A vibrant young man succumbs to the misery of loneliness when his wife and son die unfortunately. What comes next is a heady mix of emotional outbursts, violent encounters, intelligent planning and finally an incomplete remorse amongst the individuals who are the cause and effect of the ill-fated accident.
Running Time:
117 min
Release date:
20 February 2015
Directed by:
Sriram Raghavan
Produced by:
Dinesh Vijan
Sunil Lulla
Written by:
Sriram Raghavan
Arijit Biswas
Varun Dhawan
Nawazuddin Siddiqui
Huma Qureshi
Yami Gautam
Vinay Pathak
Divya Dutta
Radhika Apte
Shot by:
Anil Mehta
Editing by:
Pooja Ladha Surti
Distributed by:
Eros International

What’s Hot

  • The title of the movie has been carefully chosen to depict multiple meanings. “Badla” stands for the metamorphosis that the protagonists undergo as the story unfolds. It also sometimes signifies revenge which each of the characters feel at some point of time in the film.
  • The acting is simply scintillating in terms of casting and screen space of characters. It would be sure injustice to say the characters chose the actors; the effort taken by the actors to get into the skin of the part they play is appreciable. The screen space has also been carefully made to be shared. At any point of time the number of characters you see on screen is limited to two or three and that keeps the screenplay simple. The exits and entry are also timed perfectly which enables the story to fall into place snuggly.
  • Varun Dhawan, as happy man turned bitter, brings you to tears while Nawazuddin Siddiqui is very menacing and brings out a package of emotions ranging from disgust, comedy, angst and finally peace. The abundant usage of women power is commendable as a single character does not hog the limelight. The array of characters played by Yami Gautam, Divya Dutta & Pratima Kazmi have a common thread of motherhood running at the base while parts played by Huma Quereshi, Aswini Kalsekar & Radhika Apte are the fulcrum around which the story takes precarious turns.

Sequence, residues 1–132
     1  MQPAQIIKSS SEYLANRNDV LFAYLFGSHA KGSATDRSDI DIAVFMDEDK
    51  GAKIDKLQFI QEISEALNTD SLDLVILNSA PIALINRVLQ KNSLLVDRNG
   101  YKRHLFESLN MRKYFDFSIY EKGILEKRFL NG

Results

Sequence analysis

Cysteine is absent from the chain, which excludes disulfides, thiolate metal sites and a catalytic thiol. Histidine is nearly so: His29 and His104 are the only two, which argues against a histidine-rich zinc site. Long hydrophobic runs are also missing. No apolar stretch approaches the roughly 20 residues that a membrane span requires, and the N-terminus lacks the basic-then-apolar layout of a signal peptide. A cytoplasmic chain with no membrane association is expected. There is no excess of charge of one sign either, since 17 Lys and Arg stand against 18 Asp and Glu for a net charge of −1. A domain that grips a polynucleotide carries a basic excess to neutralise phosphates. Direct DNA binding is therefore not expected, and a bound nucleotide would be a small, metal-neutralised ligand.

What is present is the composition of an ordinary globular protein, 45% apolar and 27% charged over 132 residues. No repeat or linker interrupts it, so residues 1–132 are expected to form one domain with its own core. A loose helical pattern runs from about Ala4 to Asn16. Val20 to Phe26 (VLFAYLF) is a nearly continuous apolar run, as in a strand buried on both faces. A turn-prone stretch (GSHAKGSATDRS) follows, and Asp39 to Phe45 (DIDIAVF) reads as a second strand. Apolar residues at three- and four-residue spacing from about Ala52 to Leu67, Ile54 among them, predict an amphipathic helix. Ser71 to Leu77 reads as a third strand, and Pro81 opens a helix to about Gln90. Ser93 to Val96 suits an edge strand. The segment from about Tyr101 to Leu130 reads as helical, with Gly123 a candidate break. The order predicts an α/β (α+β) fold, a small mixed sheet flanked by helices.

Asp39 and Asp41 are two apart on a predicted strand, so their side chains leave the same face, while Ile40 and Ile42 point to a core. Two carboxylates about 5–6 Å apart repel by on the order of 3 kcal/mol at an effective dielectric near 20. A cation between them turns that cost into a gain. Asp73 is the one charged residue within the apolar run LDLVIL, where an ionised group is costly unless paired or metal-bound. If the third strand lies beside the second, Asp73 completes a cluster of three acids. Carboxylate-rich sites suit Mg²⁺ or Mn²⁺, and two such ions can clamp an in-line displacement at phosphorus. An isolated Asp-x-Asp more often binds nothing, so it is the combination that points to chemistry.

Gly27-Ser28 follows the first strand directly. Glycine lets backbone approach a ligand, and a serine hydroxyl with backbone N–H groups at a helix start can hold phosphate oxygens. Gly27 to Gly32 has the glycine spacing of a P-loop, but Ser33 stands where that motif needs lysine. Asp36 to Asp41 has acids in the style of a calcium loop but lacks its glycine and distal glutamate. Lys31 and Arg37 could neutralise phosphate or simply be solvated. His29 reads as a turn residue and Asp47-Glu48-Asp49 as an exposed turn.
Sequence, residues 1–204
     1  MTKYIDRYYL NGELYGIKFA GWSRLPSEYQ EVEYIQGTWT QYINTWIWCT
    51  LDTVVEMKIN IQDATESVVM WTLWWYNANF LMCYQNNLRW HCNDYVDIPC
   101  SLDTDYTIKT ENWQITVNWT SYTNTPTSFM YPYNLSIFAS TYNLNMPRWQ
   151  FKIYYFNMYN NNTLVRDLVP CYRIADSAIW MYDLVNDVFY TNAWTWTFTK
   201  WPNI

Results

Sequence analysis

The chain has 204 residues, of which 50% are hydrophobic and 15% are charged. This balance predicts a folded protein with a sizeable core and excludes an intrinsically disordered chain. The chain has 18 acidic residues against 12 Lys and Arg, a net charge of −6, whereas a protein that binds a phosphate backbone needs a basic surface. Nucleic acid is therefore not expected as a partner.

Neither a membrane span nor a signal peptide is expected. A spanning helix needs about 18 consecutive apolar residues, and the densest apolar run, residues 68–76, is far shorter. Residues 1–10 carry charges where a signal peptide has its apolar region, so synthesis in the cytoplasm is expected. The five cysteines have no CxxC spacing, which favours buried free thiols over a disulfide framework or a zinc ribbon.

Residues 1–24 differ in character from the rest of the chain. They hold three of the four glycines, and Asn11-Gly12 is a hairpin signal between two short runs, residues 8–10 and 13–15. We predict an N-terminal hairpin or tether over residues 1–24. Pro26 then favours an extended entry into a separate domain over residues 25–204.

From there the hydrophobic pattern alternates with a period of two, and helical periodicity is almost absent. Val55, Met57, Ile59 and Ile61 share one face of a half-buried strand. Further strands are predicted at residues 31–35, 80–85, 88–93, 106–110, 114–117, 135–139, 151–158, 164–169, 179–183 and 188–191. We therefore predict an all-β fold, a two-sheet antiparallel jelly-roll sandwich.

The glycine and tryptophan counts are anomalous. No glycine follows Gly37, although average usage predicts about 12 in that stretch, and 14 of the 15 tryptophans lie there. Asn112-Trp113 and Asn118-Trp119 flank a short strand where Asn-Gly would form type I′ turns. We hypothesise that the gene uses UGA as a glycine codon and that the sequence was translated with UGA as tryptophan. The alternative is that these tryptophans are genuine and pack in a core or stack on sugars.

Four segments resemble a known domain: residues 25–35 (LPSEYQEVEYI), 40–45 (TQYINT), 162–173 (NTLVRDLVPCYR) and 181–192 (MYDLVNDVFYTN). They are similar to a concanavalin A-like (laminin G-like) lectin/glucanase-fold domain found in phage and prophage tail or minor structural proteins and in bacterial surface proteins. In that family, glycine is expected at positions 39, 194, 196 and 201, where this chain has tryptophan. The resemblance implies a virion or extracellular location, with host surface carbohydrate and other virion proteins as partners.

• The cinematography seems to be tinted across the movie. The happiness is brought out in warm and vibrant colors whereas the toil, confusion, disappointment, fear and anger are shown in greys of rain and darkness of night.
  • The script follows a newly trending structure in terms of how the story unfolds. The movies which boast of similar structure have been hard-hitting in nature and the same can be told of this movie in particular as well ; a very good example would be Ugly wherein the main event occurs within first 10-15 minutes. With regards to a character transforming gradually from hero to heel & vice-versa over the course of the film, we can compare Badlapur to Barry Lyndon & Pudhupettai

What’s Not

  • There is nothing wrong in creating a cinema that is so awakening and could be a frontrunner in achieving a cult status. But given the terrifying circumstances we live in today, the violence showcased in the movie being slightly on the upper side, does not help.
  • It is a shame to have wasted the talent of Vinay Pathak on a role that is so short and droning. He would have fit the bill better as the inspector rather than the second convict.



Verdict Stamp

Badlapur is a new take on how & what would happen if the good chooses to go bad and the bad chooses to turn good. In this game of role reversal, what happens to those around and near runs parallel to the main plot.